Cardozo School of Law’s student Criminal Defense Clinic attained clemency for Joaquin Winfield on April 7 from New York Gov. Kathy Hochul.
Winfield was serving 37.5 years to life, one of the longest prison sentences in the state for a non-violent drug-related conviction under the now dismantled Rockefeller Drug Laws of the 1970s. He has served 26 years and was not eligible for parole until 2034. The governor’s action means he will be eligible for parole this fall.
A group of current and former Cardozo law students and their professors took on the case seeking a commutation of Winfield’s sentence, who is one of only six people statewide serving such a lengthy sentence for nonviolent convictions.
“We felt the need to do whatever we could on his behalf,” said Professor Kathryn Miller, Co-Director of the Cardozo Criminal Defense Clinic, who noted that Winfield, who is 58, is in declining health. “The laws that put him in prison are no longer in effect and widely seen today as draconian. He deserved a chance to seek parole.”
Hochul’s office said in a statement: “Under his original sentence, Mr. Winfield would not see the Board of Parole until 2034. His sentence is being commuted to allow him an earlier opportunity to appear before the Parole Board so that the board can make a determination about whether he is suitable for parole.”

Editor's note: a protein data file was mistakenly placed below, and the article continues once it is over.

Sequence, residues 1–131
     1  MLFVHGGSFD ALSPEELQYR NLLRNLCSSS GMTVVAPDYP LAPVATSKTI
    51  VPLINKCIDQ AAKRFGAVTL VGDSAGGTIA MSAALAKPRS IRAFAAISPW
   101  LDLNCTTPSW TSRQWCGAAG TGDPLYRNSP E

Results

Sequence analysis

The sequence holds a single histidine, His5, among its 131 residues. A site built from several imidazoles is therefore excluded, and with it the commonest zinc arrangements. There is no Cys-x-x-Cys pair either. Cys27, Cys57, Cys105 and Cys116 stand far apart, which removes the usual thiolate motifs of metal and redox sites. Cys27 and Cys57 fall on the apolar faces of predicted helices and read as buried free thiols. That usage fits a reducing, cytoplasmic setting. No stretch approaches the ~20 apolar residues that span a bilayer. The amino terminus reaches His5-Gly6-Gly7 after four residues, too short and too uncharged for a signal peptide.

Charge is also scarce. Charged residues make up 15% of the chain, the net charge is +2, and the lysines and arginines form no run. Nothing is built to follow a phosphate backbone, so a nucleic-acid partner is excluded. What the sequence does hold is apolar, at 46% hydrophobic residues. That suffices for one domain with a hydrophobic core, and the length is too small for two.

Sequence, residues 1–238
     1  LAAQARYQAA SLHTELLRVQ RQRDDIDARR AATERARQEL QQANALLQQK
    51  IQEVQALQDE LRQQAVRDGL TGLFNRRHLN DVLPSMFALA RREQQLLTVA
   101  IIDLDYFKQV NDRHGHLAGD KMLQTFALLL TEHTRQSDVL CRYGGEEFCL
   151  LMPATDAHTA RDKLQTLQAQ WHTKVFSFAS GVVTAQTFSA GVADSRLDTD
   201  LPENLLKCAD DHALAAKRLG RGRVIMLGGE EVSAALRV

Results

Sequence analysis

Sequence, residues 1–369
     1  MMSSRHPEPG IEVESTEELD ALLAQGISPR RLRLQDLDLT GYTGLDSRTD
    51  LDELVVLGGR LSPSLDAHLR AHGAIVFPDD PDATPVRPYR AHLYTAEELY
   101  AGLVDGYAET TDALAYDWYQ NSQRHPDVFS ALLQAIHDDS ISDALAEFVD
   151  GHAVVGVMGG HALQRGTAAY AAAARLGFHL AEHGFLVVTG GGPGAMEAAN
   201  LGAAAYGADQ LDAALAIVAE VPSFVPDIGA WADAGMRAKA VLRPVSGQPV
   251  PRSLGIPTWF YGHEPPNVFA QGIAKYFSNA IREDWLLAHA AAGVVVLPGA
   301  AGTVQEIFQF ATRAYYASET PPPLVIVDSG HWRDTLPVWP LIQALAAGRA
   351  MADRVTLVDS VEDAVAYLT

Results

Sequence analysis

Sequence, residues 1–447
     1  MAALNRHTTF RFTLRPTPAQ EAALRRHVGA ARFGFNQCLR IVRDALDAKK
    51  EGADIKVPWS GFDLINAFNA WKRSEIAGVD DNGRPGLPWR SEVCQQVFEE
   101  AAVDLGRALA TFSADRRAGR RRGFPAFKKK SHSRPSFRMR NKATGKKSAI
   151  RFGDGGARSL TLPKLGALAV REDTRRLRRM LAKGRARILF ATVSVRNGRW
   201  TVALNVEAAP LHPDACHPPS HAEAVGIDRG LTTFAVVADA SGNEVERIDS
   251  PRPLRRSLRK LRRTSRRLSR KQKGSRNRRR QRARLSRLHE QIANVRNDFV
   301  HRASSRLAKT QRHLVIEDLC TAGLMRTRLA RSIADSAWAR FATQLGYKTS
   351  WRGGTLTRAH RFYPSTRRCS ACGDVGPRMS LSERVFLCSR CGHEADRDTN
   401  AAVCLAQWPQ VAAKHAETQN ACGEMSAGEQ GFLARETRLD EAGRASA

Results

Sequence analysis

According to Miller, when Winfield originally went up for resentencing in 2005, the judge re-imposed the original sentence “in part because of the trial judge's statement that Mr. Winfield was a drug kingpin, which he was not.’’ He sold marijuana and cocaine and was convicted of possession of 4.6 ounces of crack.
Miller worked on the clemency application with Professor Jonathan Oberman, Co-Director of the Criminal Defense Clinic, and Cardozo students from the clinic, including Tziona Breitbart ’21, Jenna Dunton ’22, Alison Goldman ’21, Michael Gorodetsky ’21 and Isabelle Schwartz ’22, with 3L students Brandon Boschi, Rebecca M. Laden and Sarah Schwartz.
Sarah Schwartz has spent a year and a half working with the clinic on this case, and told Law360 that “I know that he's really grateful for us, and he always really expresses that. It's hard, I think, to understand how you come to terms with spending 26 years in prison.”
Winfield is in Great Meadow Correctional Facility, a maximum-security prison in Comstock, New York, where he spends more than 20 hours a day alone in his cell, according to his clemency application.
In a conversation with the Criminal Defense Clinic team, Mr. Winfield said that he was “thrilled and grateful for this opportunity.”